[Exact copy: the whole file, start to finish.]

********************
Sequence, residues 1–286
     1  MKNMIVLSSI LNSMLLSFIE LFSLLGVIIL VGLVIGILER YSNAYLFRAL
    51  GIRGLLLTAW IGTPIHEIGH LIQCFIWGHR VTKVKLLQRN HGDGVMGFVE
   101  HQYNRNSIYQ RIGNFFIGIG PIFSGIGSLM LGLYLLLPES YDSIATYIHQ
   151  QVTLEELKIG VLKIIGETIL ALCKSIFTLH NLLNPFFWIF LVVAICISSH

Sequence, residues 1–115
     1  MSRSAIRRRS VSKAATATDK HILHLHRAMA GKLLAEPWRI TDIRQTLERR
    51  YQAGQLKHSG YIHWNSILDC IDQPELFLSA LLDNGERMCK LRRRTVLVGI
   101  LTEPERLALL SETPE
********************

Sequence, residues 1–286
     1  MKNMIVLSSI LNSMLLSFIE LFSLLGVIIL VGLVIGILER YSNAYLFRAL
    51  GIRGLLLTAW IGTPIHEIGH LIQCFIWGHR VTKVKLLQRN HGDGVMGFVE
   101  HQYNRNSIYQ RIGNFFIGIG PIFSGIGSLM LGLYLLLPES YDSIATYIHQ
   151  QVTLEELKIG VLKIIGETIL ALCKSIFTLH NLLNPFFWIF LVVAICISSH

Sequence, residues 1–115
     1  MSRSAIRRRS VSKAATATDK HILHLHRAMA GKLLAEPWRI TDIRQTLERR
    51  YQAGQLKHSG YIHWNSILDC IDQPELFLSA LLDNGERMCK LRRRTVLVGI
   101  LTEPERLALL SETPE